The importance of a unique identifier when creating a single view of customer

Nearly every organisation strives to have a "single view of customer". Unfortunately, nearly every organisation fails...


Achieving a single view of customer is not a linear process. It often involves the coordination of different systems (including legacy systems), and can often be subject to internal politics around who and how data is managed within your organisation. But if you can figure out how to do this correctly, it will pay huge dividends on the way you understand and enhance experiences provided to your customers.


What is a single view of customer?


According to this blog, a single view of customer is defined as an "aggregated, consistent and holistic representation of the data known by an organisation about its customers."


This single view enables organisations to understand how and when customers interact with them. This can influence future decision-making, allowing more targeted and personalised customer experiences across critical touch-points - otherwise known as "moments that matter".


Why is a unique identifier so important?


A unique identifier is the key to unlocking the single view of customer across your organisation. It is a unique code that will connect information about your customer across multiple systems, or data points.


Examples of well-known unique identifiers include;

  • Tax File Number (TFN) - allows the government to see all of your income

  • Medicare Number - allows the government to see your health records

  • University Admissions Code (UAC) - links secondary & tertiary study information

Whilst the above numbers may seem rudimentary to you, these numbers have been created for a larger purpose - to link copious amounts of data from different sources in order to pull together a holistic view of an individual.


A unique identifier in your organisation should do the exact same thing - pull together records about your customer in order to facilitate decision-making about how their experience can be improved via personalisation.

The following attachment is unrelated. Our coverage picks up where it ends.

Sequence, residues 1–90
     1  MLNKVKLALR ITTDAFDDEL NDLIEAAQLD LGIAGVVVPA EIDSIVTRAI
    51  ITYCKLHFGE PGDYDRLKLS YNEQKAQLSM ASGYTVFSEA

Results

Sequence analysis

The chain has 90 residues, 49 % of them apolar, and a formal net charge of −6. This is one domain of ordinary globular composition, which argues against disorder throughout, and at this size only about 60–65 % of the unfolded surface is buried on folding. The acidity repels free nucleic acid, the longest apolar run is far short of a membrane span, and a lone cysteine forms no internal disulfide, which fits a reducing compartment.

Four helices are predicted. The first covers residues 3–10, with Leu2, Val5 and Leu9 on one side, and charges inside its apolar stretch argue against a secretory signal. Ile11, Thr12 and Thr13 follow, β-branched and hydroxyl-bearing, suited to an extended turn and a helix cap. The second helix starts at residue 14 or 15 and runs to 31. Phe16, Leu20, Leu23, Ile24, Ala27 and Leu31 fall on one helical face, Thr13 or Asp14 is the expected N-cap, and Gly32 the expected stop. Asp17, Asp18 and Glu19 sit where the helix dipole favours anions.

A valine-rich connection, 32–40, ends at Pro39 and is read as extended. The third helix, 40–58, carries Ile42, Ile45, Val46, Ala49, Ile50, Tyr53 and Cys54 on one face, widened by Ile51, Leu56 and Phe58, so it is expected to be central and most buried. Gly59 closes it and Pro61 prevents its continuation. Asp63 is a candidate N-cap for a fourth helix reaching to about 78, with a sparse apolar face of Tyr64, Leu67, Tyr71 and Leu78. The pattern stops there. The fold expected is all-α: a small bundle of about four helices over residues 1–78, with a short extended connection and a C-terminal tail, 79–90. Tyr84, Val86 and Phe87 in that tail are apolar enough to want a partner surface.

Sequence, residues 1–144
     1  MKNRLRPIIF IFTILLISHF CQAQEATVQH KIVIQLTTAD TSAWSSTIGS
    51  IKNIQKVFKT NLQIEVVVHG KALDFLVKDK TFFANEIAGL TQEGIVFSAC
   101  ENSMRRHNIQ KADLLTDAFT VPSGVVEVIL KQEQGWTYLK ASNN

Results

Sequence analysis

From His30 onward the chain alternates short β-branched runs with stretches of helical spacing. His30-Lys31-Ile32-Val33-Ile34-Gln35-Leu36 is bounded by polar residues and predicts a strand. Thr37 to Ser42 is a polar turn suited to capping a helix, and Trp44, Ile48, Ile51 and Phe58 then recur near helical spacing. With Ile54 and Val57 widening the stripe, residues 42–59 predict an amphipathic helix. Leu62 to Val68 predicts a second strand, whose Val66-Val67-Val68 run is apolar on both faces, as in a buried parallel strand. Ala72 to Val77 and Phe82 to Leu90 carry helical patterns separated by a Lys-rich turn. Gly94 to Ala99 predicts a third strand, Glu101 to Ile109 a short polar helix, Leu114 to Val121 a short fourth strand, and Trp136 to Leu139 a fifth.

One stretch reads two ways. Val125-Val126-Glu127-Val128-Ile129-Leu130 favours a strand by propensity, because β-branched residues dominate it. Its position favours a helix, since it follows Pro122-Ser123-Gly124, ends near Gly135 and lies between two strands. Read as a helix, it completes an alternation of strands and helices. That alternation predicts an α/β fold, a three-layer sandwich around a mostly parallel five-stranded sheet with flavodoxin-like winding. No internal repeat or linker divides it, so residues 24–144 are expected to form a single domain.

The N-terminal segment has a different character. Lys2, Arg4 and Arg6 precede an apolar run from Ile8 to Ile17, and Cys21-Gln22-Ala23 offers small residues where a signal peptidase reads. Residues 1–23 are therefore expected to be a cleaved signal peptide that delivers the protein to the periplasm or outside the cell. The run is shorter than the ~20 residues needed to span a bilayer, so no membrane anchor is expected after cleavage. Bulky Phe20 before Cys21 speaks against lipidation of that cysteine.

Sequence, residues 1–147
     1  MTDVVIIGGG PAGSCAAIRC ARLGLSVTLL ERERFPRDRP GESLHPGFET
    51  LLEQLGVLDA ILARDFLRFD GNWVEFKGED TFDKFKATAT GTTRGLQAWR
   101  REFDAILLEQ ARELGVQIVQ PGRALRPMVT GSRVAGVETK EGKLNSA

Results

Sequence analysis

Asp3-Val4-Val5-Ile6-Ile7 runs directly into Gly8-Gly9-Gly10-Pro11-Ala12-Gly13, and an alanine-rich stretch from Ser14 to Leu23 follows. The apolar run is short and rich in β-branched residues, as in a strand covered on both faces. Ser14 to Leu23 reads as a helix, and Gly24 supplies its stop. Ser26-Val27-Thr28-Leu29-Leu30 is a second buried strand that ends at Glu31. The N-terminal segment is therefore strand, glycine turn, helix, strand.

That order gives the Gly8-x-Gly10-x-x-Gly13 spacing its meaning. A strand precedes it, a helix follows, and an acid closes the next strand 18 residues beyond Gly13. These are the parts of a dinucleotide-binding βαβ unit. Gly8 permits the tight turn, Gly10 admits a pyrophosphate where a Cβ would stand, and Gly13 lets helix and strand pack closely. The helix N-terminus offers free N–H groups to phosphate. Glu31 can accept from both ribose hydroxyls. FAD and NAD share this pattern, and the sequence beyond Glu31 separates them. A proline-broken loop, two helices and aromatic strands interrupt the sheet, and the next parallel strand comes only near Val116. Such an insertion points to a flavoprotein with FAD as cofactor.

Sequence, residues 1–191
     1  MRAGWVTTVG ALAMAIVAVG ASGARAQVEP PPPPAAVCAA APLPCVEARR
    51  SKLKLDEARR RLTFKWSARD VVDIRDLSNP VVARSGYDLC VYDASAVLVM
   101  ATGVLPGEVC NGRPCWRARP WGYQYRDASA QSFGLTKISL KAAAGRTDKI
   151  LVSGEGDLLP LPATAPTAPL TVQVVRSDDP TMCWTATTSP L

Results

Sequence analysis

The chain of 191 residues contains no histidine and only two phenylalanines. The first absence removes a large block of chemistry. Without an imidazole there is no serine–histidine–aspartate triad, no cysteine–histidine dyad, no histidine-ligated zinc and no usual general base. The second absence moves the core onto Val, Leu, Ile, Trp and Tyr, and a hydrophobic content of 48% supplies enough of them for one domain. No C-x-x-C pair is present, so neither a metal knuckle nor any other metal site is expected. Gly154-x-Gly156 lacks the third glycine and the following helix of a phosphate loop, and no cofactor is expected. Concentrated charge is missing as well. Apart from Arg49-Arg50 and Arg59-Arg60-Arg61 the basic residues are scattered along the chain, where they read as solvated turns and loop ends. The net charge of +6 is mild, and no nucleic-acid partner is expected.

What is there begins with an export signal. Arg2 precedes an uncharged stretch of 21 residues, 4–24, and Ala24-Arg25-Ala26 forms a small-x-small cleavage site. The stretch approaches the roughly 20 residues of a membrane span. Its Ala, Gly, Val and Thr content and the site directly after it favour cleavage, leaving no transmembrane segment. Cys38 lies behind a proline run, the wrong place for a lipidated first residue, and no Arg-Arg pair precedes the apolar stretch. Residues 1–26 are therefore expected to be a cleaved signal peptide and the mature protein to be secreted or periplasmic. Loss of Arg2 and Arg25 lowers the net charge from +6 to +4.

What should you use as a Unique Identifier?


This answer depends on the data & system capabilities within your organisation. At the simplest level, an email address could be used as a unique identifier for your customer as this piece of information will generally be captured in most interactions. But what if the customer calls the contact centre ..?


If your organisation has a system which is the single "source of truth" for your customer data, a 5-point validation check (as a minimum) should be used to create a unique identifier for your customers;

  • Customer First Name

  • Customer Last Name

  • Customer Email Address

  • Customer Mobile Number

  • Date of Birth

Once the above information is validated, you should be able to create a "Customer ID", which could become the single most-important piece of data that your organisation holds.

WANT TO CHAT ABOUT HOW WE CAN HELP WITH UNIQUE IDs?

BOOK A FREE CONSULTATION WITH US TODAY!


What should you do once a Unique ID has been created for your customers?


The hard work is done once you have established the infrastructure to generate a Unique Identifier for your customer - the fun now begins!


Under each respective Customer ID that you create, you should be able to see rows of records that pertain to that particular customer - phone calls, emails, surveys, complaints, email correspondence, marketing campaigns etc.


From this information, you will be able to begin mapping out a linear journey of the customer - what channels they use to interact, frequency of interaction, types of feedback they provide, customer sentiment etc.


This information (whilst granular) will be invaluable to your business as it will ultimately allow you to drive MACRO and MICRO changes to the experiences that you offer to your customers!


If you're keen to have a chat further about how your organisation can build a single view of the customer, please get in touch below.


Cheers,

The Bearded Man







LinkedIn Website

Instagram Twitter


21 views0 comments